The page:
The most relevant finding of this study was derived from 8.2% of samples that were identified as high-titer reactive. In these samples, we set out to further characterize the diversity of the human serum anti-MOG antibody repertoire with respect to binding to conformational epitopes that was otherwise masked in the entire cohort predominantly consisting of low-titer anti-MOG reactive antibodies (table (table11 Figure Figure3).3). At least three immunodominant epitopes became apparent, distinctly exposed on three different recombinant MOG "isoforms". These isoforms display only minor differences in terms of amino acid sequence (table (table1)1) and have no other purpose than to rigorously define specific epitopes. These findings of distinct epitope exposure were corroborated using a panel of differentially reactive anti-MOG monoclonal agents (Figure (Figure2)2) [10]. Importantly, we present data (Figure (Figure1)1) and have previously shown that relevant conformational MOG epitopes are preserved in ELISA systems [3,10]. Only after isolating high-titer samples, a strong association of circulating anti-MOG IgG with disability in RR-MS patients could be unmasked (Figure (Figure4).4). This was achieved by combining the antibody reactivity against all identified putative target epitopes. RatMOG125 was included in our panel of MOG antigens in order to assess the reactivity against an ubiquitously exposed common epitope, and because of a previously demonstrated cross-reactivity between ratMOG125 and human anti-MOG IgG [10]. The proportion of high-titer samples appears low at first sight; it is however, quite consistent with recent findings of the frequencies of MOG-reactive T cells in the peripheral blood of MS patients, that ranged between approximately 2-4 percent of T cells [19,20]. Interestingly and complementing our data, the frequency of these specific T cells correlated to disease activity and disability [19].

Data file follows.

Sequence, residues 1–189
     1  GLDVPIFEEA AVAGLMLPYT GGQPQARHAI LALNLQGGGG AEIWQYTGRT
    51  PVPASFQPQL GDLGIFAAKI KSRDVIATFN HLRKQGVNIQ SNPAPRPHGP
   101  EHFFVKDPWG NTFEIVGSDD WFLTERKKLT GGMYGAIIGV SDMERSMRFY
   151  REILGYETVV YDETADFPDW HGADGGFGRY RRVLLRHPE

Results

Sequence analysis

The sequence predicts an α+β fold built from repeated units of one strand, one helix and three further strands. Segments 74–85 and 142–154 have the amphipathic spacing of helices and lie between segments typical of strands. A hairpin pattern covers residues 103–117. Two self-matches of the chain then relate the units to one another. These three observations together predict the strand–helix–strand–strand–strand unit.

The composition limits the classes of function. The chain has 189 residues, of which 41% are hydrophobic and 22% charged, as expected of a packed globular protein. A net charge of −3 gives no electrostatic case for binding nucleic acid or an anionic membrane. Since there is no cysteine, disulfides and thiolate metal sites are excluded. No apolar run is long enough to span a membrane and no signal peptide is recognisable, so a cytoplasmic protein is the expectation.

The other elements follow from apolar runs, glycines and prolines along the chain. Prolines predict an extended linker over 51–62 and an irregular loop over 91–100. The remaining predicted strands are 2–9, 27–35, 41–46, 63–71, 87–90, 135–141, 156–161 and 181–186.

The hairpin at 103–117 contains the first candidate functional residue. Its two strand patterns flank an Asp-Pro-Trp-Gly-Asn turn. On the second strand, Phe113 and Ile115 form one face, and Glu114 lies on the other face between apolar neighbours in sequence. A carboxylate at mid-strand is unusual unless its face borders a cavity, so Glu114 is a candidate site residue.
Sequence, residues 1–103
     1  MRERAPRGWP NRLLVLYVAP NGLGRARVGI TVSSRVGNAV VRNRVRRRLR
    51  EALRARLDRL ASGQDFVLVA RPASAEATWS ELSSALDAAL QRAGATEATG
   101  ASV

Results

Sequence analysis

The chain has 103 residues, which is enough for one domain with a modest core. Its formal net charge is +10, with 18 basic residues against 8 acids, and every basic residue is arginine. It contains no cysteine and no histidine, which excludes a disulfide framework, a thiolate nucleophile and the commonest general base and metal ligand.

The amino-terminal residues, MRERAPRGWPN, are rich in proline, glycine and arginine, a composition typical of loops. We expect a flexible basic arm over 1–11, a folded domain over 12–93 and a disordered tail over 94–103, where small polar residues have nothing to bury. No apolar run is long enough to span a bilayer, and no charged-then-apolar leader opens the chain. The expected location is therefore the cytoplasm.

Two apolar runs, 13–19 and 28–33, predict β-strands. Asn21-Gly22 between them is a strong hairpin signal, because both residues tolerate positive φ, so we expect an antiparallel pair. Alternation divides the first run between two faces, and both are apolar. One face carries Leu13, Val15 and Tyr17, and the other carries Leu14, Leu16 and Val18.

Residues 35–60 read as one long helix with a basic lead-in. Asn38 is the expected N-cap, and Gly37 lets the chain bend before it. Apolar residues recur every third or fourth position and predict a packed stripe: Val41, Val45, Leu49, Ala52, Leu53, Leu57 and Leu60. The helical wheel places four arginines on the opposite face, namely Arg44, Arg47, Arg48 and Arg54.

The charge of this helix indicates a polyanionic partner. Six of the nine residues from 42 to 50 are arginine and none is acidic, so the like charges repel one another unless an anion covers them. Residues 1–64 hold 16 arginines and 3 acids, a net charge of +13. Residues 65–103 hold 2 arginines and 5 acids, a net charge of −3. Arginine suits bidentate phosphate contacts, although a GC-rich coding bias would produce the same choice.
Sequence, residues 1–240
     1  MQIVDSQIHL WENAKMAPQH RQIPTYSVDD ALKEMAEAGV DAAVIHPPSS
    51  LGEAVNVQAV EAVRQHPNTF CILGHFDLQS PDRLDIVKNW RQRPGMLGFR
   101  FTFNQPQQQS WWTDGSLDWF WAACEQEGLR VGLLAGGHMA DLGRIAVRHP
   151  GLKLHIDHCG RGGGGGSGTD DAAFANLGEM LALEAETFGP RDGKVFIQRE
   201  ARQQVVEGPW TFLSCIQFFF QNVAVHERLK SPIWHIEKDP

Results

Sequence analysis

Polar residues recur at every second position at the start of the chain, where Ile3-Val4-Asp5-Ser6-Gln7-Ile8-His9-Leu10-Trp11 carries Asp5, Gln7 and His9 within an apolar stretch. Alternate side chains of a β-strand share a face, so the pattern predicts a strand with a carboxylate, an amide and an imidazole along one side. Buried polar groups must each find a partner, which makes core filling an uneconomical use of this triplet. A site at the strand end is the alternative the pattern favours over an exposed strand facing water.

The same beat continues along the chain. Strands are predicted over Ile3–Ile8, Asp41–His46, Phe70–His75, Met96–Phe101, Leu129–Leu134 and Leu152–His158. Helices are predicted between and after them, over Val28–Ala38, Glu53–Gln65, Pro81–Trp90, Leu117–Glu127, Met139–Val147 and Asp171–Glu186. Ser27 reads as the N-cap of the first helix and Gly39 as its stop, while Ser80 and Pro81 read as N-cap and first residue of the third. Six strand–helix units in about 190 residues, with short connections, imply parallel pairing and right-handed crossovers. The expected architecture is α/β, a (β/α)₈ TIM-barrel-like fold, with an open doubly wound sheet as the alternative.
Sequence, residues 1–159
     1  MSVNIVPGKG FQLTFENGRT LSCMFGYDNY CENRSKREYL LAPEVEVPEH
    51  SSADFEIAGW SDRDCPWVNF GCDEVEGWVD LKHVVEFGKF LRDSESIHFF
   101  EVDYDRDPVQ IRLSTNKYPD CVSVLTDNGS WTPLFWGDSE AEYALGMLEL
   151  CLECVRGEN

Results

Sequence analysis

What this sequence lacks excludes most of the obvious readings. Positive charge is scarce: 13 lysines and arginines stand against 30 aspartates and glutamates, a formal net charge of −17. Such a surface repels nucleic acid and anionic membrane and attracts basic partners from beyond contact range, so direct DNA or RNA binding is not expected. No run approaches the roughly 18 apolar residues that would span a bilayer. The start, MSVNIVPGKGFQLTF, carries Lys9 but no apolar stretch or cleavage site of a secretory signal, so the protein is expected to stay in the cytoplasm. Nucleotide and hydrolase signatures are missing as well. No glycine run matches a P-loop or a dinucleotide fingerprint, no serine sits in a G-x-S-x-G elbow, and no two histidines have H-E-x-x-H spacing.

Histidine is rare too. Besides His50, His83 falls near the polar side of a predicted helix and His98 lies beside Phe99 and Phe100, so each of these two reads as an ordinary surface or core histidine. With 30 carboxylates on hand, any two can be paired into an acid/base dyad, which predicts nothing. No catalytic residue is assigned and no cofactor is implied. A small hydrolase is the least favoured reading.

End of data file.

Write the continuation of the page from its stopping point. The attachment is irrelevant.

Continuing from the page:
It was an unexpected finding that reactivity to epitopes conserved between species, such as those defined by 8.18c5 or M26 was not predominant in MS high-titer samples (Figure 2A+B, table table1).1). Rather, specific reactivity appeared to be exclusively directed against restricted epitopes of human MOG (table (table1).1). In contrast, humoral responses in rodent EAE are predominantly directed against the 8.18c5 defined epitope [6].